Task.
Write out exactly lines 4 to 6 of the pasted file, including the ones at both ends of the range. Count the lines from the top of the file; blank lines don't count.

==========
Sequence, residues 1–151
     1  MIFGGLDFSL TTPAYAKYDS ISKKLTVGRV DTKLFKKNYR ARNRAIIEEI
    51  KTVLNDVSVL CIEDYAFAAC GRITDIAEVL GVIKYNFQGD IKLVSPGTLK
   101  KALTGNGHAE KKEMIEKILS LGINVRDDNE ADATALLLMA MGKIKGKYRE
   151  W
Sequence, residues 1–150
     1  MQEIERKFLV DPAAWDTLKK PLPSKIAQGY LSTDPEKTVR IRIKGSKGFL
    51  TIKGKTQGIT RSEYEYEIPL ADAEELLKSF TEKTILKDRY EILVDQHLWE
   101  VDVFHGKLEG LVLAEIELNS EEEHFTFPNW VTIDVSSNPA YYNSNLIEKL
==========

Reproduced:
   101  KALTGNGHAE KKEMIEKILS LGINVRDDNE ADATALLLMA MGKIKGKYRE
   151  W
Sequence, residues 1–150